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Naming a class

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Hi there, I've created a class that encapsulates functionalities that concern text output (in OGL) but, out of lack of creativity, the only name I could come up with was GText, which, as you can see, has nothing to do with "text output." Crappy me... So I thought that maybe I could ask the creative minds on gamedev.net to come up with suggestions to a name for my class? The only rule is it must start with "G". Fire away!

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//! OpenGL-related utility classes
namespace GLUtil {

//! Display-related utilities
namespace Display {

//! A bit of text shown on the screen
class Text;

//! A cache for data shared between text objects
class TextCache;
}
}

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Definitely I'm going to go for CTextRenderer and I'm going to follow your recommendations and drop the G. You're absolutely right, the way forward is to encapsulate the classes within namespaces. The only reason I went for the prefix 'G' instead of 'C' was to give the classes a stand outish meaning, one in the lines of 'GSomething', a graphics related class. I suppose I'm better off sticking to the standards... thanks for pointing that out to me.

Now, allow me to expose yet another question, which concerns how to best make my set of text renderer and font classes work in a multi-threaded environment. First off, here's the hierarchy I've come up with:

class CFreeType		// wrapper class for the FreeType library, is accessed by CManagerFonts
class CManagerFonts // creates and removes fonts, holds the currently active font,
// and encapsulates font data
class CTextRenderer // does text rendering only and (constly) accesses CManagerFonts


Font data is contained in CManagerFonts in:

struct FONT_NODE
{
BYTE _height; // height of the font
BYTE* _pWidths; // array containing widths for each char of the font
GLuint *_pTex; // array texture's ids
GLuint _listId; // first display list id
};



An instance of CManagerFonts and CTextRenderer always exists at all times, while CManagerFonts manages when to instantiate/destroy CFreeType to suit its needs.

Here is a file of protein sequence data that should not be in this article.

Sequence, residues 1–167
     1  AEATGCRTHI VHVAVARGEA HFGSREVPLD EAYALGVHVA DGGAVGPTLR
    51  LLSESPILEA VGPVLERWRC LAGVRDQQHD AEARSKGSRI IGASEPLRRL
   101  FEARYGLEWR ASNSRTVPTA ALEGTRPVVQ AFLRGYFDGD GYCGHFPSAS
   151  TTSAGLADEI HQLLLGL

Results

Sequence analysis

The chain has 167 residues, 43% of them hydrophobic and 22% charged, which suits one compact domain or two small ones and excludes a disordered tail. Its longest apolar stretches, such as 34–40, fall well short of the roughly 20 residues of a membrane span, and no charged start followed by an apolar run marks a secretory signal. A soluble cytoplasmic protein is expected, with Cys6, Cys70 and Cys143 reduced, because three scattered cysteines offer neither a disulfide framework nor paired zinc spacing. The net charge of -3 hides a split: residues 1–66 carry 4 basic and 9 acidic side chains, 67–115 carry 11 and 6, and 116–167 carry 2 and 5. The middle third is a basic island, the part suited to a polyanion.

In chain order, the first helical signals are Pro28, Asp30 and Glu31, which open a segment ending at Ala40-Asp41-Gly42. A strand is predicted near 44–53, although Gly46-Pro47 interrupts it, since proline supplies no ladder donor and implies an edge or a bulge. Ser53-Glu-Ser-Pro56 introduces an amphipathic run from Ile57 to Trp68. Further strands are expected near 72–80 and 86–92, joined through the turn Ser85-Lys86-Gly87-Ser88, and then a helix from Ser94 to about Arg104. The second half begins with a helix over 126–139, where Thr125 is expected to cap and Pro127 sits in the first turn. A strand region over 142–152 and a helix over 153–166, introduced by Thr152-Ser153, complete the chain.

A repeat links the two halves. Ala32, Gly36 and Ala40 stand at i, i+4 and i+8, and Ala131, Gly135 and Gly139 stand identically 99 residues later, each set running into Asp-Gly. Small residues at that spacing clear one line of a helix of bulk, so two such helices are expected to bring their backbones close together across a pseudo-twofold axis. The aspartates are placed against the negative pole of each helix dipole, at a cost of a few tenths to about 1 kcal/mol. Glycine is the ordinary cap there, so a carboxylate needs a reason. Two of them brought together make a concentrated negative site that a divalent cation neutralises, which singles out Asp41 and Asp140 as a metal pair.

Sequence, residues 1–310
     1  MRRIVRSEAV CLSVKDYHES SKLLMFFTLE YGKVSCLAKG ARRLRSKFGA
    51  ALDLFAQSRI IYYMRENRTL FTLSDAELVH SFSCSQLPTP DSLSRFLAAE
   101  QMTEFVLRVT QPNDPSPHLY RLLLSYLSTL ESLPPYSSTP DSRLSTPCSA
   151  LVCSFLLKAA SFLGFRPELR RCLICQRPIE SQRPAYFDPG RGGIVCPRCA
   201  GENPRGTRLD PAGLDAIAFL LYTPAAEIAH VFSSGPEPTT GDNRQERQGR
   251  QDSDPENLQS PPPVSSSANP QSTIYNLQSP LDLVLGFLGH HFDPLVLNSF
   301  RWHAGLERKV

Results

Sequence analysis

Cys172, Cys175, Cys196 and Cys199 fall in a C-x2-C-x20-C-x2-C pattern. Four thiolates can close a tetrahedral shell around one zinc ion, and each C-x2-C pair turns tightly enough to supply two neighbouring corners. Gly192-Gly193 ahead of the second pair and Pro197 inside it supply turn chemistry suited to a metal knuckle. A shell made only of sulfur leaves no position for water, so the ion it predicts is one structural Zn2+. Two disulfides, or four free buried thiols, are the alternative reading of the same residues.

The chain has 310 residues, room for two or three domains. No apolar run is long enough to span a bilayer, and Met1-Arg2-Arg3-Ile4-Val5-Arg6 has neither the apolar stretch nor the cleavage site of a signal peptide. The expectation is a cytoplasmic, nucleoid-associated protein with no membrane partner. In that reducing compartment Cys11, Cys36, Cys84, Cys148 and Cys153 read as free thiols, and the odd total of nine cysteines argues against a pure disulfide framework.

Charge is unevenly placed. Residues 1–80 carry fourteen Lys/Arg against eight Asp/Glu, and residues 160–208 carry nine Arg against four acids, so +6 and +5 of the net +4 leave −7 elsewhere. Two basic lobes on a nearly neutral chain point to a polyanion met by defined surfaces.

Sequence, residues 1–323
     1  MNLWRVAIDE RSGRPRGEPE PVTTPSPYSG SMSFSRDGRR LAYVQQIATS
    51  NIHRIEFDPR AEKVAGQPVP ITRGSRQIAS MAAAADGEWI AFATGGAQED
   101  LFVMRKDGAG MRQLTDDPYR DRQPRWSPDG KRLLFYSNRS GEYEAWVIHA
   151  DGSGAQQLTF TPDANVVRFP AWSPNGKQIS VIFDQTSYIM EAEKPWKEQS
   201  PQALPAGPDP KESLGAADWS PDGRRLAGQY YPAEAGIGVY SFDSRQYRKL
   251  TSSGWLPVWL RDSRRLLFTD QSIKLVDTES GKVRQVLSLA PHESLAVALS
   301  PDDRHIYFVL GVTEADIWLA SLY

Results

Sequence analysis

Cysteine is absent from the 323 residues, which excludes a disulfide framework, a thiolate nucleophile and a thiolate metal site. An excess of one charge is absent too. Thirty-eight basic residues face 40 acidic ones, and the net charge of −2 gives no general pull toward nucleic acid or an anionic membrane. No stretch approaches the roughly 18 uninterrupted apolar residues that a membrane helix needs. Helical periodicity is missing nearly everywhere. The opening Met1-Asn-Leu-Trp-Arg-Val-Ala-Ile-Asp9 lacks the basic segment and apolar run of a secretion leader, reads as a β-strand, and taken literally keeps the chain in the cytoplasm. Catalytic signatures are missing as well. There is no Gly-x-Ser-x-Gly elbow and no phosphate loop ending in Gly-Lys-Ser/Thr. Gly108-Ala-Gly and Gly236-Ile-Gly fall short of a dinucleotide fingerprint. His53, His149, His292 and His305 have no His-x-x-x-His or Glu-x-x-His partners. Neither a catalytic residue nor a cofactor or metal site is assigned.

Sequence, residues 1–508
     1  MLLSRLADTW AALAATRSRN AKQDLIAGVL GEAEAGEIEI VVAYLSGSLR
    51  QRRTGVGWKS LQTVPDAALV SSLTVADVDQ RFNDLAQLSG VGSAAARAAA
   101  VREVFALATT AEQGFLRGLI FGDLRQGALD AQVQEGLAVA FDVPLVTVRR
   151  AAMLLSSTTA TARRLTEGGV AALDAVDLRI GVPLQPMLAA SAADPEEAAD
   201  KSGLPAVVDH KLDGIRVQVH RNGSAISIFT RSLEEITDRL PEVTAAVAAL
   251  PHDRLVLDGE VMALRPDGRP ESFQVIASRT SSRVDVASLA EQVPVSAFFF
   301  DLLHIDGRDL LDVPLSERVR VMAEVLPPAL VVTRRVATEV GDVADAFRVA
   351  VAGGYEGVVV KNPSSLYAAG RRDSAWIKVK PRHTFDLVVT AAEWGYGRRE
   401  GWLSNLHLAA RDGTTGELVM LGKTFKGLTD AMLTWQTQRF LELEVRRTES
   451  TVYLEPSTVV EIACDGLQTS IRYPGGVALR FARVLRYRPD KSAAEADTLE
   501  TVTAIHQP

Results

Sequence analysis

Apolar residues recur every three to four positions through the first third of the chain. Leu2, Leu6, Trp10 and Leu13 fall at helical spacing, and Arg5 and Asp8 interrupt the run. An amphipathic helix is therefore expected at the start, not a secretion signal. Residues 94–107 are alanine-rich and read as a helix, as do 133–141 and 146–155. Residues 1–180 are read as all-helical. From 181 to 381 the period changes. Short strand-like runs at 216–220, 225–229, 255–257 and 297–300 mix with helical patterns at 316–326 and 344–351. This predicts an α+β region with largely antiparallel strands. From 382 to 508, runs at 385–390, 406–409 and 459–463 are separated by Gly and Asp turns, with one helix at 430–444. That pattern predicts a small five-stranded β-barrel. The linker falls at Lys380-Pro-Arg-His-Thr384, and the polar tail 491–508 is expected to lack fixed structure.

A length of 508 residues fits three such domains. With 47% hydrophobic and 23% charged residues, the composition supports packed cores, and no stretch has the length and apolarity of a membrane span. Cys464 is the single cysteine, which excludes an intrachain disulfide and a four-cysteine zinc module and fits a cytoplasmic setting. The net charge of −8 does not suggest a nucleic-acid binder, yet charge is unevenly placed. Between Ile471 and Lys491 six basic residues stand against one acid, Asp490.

Also, a handle is returned every time a font is created, which is then passed into a method in CManagerFonts to make it the current one. This handle is nothing but a POSITION type (CAtlList), which is a pointer to a FONT_NODE.

Then, whenever the app needs to output text it invokes one of a set of methods in CTextRenderer, which then makes use of the currently active font.

Seeing there can be only one font active at any given time, you can see problems will potentially occur in a multi-threaded environment where different threads use different fonts to output text concurrently.

Two ways I've thought to counter this was to either pass in a font handle to methods in CTextRenderer (though it isn't very convenient) or to change FONT_NODE and make it a class of the likes of CTextRenderer (the more logical way IMHO.)

What is your opinion on this? In light of your personal experience, do you think I could do this a better way, come up with a better design?

Many thanks to all of the posters for their precious replies!

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Quote:
Original post by hellraiser
Definitely I'm going to go for CTextRenderer and I'm going to follow your recommendations and drop the G. You're absolutely right, the way forward is to encapsulate the classes within namespaces. The only reason I went for the prefix 'G' instead of 'C' was to give the classes a stand outish meaning, one in the lines of 'GSomething', a graphics related class. I suppose I'm better off sticking to the standards... thanks for pointing that out to me.


The C is not any better. Just TextRenderer, please.

What do you think the C communicates? Why do you think the person using the class *cares about* this? Or didn't s/he already know?

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The "C" is just an annoying extra character to type. There's no point... what is it meant to indicate? A class and a struct are basically the same thing--especially from the perspective of a developer using it--and you certainly will never confuse a TextRenderer with a primitive type like int, char, float, double, etc.

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When I started out I thought I would use all that prefix Hungarian notation stuff too. But most people, myself included, just end up using a very small subset of that notation.